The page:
1. An officer whose business was to denounce or proclaim war, to challenge to battle, to proclaim peace, and to bear messages from the commander of an army. He was invested with a sacred and inviolable character.

  2. To introduce, or give tidings of, as by a herald] to proclaim; to announce; to foretell; to usher in.

    Shak.
  3. In the Middle Ages, the officer charged with the above duties, and also with the care of genealogies, of the rights and privileges of noble families, and especially of armorial bearings. In modern times, some vestiges of this office remain, especially in England. See Heralds' College (below), and King-at-Arms.
  4. A proclaimer; one who, or that which, publishes or announces; as, the herald of another's fame.

    Shak.
  5. A forerunner; a a precursor; a harbinger.

    It was the lark, the herald of the morn. Shak.

  6. Any messenger.

    "My herald is returned." Shak.

    Heralds' College, in England, an ancient corporation, dependent upon the crown, instituted or perhaps recognized by Richard III. in 1483, consisting of the three Kings-at- Arms and the Chester, Lancaster, Richmond, Somerset, Windsor, and York Heralds, together with the Earl Marshal. This retains from the Middle Ages the charge of the armorial bearings of persons privileged to bear them, as well as of genealogies and kindred subjects; -- called also College of Arms.

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Herald

HER'ALD, noun

1. An officer whose business was to denounce or proclaim war, to challenge to battle, to proclaim peace, and to bear messages from the commander of an army. Hence,

2. A proclaimer; a publisher; as the herald of another's fame.

3. A forerunner; a precursor; a harbinger.

It was the lark, the herald of the morn.

4. An officer in Great Britain, whose business is to marshal, order and conduct royal cavalcades, ceremonies at coronations, royal marriages, installations, creations of dukes and other nobles, embassies, funeral processions, declarations of war, proclamations of peace, etc.; also, to record and blazon the arms of the nobility and gentry, and to regulate abuses therein.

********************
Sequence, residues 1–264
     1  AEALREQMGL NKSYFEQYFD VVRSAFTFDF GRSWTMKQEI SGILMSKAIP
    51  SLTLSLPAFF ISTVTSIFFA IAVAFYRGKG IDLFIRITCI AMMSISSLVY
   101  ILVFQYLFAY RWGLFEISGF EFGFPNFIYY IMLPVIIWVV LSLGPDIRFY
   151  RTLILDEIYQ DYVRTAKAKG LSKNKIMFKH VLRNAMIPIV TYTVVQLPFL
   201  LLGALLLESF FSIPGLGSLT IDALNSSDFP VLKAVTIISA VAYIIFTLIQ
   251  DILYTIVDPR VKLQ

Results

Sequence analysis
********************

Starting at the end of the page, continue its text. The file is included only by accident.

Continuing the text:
5. Formerly applied by the French to a minstrel.

HER'ALD, verb transitive To introduce, as by a herald

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Word of the Day

importance

IMPORT'ANCE, n.

1. Weight; consequence; a bearing on some interest; that quality of any thing by which it may affect a measure, interest or result. The education of youth is of great importance to a free government. A religious education is of infinite importance to every human being.

2. Weight or consequence in the scale of being.

Thy own importance know.

Nor bound thy narrow views to things below.

3. Weight or consequence in self-estimation.

He believes himself a man of importance.

4. Thing implied; matter; subject; importunity. [In these senses, obsolete.]

Random Word

antistes

ANTIS'TES, n. [L.] The chief priest or prelate.

Noah's 1828 Dictionary

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Noah Webster, the Father of American Christian education, wrote the first American dictionary and established a system of rules to govern spelling, grammar, and reading. This master linguist understood the power of words, their definitions, and the need for precise word usage in communication to maintain independence. Webster used the Bible as the foundation for his definitions.